Poor Things review – Emma Stone has a sexual adventure in Yorgos Lanthimos’s virtuoso comic epic

<span>Photograph: Atsushi Nishijima/AP</span>
Photograph: Atsushi Nishijima/AP

That cooing note of kindness and pity in the title is misleading – in fact, there is pure vivisectional ruthlessness in this toweringly bizarre epic. Poor Things is a steampunk-retrofuturist Victorian freakout and macabre black-comic horror, adapted by screenwriter Tony McNamara from the 1992 novel by Alasdair Gray and directed by the absurdist virtuoso Yorgos Lanthimos. Lanthimos shows us an extraordinary, artificial, contorted world, partly shot in monochrome, sometimes bulging out at us through a fish-eye lens, elsewhere lit from within in richly saturated tones, like an engraved colour plate.

And his leading lady is someone who takes it to the next career level, or the level beyond the next level: Emma Stone. She gives an amazing and hilarious performance as the sexual-innocent primitive Bella Baxter, the secret experimental subject and ward of charismatic, troubled anatomist Dr Godwin Baxter (whom she calls “God”), played by Willem Dafoe. Bella’s beady gaze under a near-monobrow takes everything in, while she makes what sense she can from the brave new world with which Dr Baxter has surrounded her.

Bella is a young woman who had attempted to take her own life by throwing herself from London’s Tower Bridge. Baxter daringly retrieves her almost-dead body under cover of darkness from the Thames’s muddy bank and – like a cross between Mary Shelley’s Victor Frankenstein and Shaw’s Henry Higgins – reanimates her using methods whose exotic ghastliness is only revealed at the story’s end.

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Childlike and yet adult-bodied and increasingly excited by her discovery of masturbation – which in turn stimulates her language skills beyond infantile pidgin English – Bella is a shocking and beguiling figure. She is tutored and looked after by Dr Baxter, his housekeeper Mrs Prim (a great turn from Vicky Pepperdine) and Baxter’s fresh-faced research assistant Max McCandles (Ramy Youssef), who falls deeply in love with Bella. Baxter permits Max to propose to his young pupil on condition that the married couple continue to live with him in his colossally intricate townhouse.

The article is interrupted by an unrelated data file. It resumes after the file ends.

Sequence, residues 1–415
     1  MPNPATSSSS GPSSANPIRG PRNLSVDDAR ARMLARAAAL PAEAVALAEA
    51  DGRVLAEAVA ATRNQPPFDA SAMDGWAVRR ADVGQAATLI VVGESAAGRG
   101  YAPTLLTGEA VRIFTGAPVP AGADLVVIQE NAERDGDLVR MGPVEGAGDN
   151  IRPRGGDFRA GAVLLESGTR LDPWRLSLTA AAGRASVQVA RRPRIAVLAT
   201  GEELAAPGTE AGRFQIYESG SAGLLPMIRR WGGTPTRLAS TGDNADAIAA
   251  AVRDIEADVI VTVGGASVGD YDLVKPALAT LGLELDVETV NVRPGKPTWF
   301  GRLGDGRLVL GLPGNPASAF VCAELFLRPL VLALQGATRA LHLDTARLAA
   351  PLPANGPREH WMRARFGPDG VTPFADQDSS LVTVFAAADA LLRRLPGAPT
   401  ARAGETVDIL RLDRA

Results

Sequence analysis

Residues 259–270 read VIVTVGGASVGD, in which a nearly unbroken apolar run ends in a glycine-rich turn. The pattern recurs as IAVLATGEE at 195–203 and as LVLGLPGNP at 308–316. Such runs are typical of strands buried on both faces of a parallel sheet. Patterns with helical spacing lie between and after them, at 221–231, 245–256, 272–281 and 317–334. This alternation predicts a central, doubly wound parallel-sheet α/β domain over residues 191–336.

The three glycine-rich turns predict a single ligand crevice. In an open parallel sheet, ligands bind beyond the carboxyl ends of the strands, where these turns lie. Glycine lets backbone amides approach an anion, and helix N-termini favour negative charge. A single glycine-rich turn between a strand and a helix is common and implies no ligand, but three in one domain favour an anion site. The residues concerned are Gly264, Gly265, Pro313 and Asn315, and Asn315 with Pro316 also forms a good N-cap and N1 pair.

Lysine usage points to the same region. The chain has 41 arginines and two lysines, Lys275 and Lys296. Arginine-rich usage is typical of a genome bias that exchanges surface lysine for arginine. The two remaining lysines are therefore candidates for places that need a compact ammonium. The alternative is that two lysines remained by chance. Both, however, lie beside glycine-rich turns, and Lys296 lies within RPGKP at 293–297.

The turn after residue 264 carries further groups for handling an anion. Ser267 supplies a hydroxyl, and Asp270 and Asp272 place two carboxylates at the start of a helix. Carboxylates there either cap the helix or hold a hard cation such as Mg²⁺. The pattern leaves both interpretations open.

But disaster beckons when the solicitor who arrives with the documents formalising this arrangement turns out to be a bounder and a cad; he seduces Bella and takes her away with him on a grand European tour of sensual indulgence and adventure, and Dr Baxter fatalistically concludes he has no choice but to let Bella go. This wicked fellow is one Duncan Wedderburn – an outrageously funny performance from Mark Ruffalo, whose entire face is transformed into fleshy naughtiness by adding a moustache and, in one scene, a straw boater.

Lanthimos draws on Lynch’s The Elephant Man and Franju’s Eyes Without a Face, and Emma Stone’s gloriously artless heroine has something of Herzog’s Kaspar Hauser or Emily Watson’s Bess in Lars von Trier’s Breaking the Waves. Her faintly jerky head movements and unselfconscious gait – awkward and yet somehow elegant at the same time – is also rather like Ray Bolger’s Scarecrow from The Wizard of Oz.

With the disreputable Wedderburn, Bella visits Lisbon, where she is mesmerised by a beautiful fado song, and Alexandria, where she takes it upon herself to rescue people from poverty using Duncan’s winnings from the casino. In Paris they are to find their nadir and Bella realises that sex work is the key to paying the bills. Bella becomes, in her way, a great Victorian explorer and adventurer and discoverer of the sexual self, like a figure from Steven Marcus’s The Other Victorians or Ronald Pearsall’s The Worm in the Bud. And how amazing that she is entirely convincing by the end as a romantic figure and autodidact who, unlike Frankenstein’s monster, aspires to study medicine herself.

This film comes to us from an elite group of talent, including cinematographer Robbie Ryan and production designer Shona Heath, with an insinuatingly strange musical score by Jerskin Fendrix. Everything in it – every frame, every image, every joke, every performance – gets a gasp of excitement.

• Poor Things screened at the Venice film festival. It will be released on 8 December in the US, 12 January in the UK and Ireland, and 18 January in Australia.